Grameen Bank founder Professor Muhammad Yunus at the Building Social
Business Summit in 2013. Yunus coined the term “social business.”

It’s difficult to determine which percent of social enterprises in general focus on women since the term “social enterprise” itself isn’t yet applied or embraced consistently. When it comes to the microfinance branch of social enterprise, however, the numbers are a lot clearer.

Microfinance is a branch of social enterprise that seeks to achieve social benefit through furthering financial inclusion. One of the ways it does this is by administering small loans – or microcredit – to those unable to secure loans from traditional financial institutions. Women are the focus of most microcredit lending and a recent study found that women make up 73% of microfinance customers on average.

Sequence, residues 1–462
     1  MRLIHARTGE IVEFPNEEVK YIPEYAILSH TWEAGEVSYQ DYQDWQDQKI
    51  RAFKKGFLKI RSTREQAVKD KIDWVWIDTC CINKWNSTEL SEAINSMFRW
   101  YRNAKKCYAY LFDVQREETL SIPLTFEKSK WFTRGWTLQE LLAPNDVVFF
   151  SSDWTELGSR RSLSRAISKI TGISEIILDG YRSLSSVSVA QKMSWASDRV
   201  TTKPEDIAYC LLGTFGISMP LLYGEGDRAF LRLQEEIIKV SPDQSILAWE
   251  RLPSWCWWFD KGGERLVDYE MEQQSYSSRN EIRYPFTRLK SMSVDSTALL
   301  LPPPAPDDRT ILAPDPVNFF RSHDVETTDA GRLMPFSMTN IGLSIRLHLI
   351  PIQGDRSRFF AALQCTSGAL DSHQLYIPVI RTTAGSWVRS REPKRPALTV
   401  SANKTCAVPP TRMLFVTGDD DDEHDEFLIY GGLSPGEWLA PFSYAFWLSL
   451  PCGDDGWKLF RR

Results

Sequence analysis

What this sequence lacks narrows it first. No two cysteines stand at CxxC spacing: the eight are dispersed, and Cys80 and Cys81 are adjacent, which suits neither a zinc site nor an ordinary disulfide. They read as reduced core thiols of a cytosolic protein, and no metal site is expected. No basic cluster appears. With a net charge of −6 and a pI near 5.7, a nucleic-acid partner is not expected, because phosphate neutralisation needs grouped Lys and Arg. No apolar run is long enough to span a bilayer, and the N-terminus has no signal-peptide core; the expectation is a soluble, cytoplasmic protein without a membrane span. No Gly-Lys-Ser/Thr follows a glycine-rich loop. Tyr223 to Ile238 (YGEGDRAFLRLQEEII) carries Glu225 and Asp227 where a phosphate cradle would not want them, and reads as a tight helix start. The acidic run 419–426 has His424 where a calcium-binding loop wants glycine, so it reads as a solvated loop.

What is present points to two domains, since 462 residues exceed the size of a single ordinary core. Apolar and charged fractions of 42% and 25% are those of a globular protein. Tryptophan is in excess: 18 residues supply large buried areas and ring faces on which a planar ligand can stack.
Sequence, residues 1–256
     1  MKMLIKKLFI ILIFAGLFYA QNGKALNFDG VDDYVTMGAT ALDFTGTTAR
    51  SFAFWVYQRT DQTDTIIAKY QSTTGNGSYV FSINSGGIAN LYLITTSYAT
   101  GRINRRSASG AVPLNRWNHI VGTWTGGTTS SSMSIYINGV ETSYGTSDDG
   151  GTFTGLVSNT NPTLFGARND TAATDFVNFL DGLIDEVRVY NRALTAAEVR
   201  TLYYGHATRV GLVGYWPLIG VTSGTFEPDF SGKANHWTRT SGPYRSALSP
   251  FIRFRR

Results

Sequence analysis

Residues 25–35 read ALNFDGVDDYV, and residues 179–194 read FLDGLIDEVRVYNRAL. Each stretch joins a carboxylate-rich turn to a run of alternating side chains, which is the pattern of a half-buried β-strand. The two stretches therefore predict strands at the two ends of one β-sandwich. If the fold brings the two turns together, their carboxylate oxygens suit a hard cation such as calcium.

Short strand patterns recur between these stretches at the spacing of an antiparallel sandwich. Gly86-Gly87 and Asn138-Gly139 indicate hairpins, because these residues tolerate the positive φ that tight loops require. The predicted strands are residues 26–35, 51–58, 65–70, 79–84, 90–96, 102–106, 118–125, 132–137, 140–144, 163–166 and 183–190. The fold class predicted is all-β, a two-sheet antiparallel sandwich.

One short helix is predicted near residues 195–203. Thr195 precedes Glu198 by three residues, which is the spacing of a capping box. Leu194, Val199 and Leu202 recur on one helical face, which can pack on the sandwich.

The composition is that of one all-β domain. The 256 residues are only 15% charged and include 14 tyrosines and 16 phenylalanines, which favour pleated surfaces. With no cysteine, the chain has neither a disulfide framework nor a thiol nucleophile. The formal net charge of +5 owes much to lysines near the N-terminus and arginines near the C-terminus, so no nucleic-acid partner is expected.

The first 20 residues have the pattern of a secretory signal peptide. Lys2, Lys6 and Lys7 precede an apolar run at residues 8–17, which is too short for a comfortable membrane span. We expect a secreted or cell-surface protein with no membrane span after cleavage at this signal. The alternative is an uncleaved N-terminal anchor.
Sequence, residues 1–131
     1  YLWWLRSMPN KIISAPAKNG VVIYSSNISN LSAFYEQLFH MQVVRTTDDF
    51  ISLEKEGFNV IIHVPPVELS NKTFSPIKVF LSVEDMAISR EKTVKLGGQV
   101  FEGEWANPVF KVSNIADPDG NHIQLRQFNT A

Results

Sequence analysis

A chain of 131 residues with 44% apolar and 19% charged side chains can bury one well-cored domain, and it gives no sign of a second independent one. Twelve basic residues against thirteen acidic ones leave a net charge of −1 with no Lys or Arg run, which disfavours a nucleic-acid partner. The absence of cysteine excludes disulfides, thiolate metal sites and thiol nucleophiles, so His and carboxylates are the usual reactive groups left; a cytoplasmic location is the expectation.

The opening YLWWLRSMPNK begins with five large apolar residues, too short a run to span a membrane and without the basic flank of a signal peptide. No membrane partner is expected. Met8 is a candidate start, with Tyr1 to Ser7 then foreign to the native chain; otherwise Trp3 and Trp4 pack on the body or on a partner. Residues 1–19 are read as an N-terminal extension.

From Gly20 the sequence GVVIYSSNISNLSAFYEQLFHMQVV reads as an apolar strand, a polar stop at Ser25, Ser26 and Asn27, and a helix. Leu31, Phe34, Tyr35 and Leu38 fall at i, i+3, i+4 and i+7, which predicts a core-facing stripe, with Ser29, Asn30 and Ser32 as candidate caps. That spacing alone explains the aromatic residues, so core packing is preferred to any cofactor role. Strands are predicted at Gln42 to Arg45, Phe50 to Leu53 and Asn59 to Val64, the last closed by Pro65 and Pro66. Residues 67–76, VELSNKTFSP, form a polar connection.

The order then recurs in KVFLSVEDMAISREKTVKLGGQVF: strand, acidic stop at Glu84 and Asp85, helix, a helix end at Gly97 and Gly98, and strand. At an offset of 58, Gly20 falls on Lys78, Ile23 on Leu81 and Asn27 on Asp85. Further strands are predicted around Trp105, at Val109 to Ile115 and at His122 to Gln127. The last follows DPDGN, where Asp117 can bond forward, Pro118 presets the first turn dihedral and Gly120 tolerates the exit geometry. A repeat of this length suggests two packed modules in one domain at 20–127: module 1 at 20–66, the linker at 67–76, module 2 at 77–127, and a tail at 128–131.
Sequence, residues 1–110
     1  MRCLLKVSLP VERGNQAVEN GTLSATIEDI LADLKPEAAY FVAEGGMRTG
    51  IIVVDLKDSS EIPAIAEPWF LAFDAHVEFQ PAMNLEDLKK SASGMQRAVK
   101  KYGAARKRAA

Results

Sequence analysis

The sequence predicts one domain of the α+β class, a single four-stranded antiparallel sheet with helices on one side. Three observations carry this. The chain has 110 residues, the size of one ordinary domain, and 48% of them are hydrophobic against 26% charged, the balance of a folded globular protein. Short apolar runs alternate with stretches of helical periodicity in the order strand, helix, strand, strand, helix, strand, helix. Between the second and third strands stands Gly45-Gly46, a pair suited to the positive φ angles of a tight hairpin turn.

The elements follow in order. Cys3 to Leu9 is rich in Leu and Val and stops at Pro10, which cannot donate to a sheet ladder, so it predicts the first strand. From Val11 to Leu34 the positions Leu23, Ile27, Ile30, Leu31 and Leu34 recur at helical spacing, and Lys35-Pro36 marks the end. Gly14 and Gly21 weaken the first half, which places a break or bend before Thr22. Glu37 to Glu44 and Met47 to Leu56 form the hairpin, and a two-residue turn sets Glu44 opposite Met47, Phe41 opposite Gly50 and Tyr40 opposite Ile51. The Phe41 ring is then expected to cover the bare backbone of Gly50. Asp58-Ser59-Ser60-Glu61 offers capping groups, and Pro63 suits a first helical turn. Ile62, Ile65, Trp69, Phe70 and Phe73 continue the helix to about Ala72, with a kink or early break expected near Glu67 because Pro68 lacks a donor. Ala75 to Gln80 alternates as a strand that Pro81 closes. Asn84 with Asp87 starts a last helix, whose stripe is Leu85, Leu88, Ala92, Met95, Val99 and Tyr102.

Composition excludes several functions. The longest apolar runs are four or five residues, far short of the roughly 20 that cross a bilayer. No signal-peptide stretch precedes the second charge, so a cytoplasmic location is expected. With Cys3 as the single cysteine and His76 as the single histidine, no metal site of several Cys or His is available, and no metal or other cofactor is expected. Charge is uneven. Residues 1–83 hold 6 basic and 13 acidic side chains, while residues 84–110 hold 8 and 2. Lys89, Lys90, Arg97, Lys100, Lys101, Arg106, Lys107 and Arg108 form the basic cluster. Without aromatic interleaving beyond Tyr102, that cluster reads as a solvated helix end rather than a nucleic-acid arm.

Microfinance pioneer and Grameen Bank founder Muhammad Yunus intended it to be that way. After Muhammad Yunus popularized the concept of microfinance, some Microfinance Institutions (MFIs) formed and began operating without the reasonable interest rates and educational support that allowed Grameen Bank to achieve social benefit.

Annie explained that in the aftermath of the microfinance crisis of 2010, it was discovered that many MFIs were using financial measures rather than measures of social impact to gauge their success. While sensible for traditional banks, these measures didn’t make sense for organizations whose primary goal was to create positive social change. Social impact measurement emerged as a way to “measure what matters” and help MFIs adjust their operations to achieve their real goals.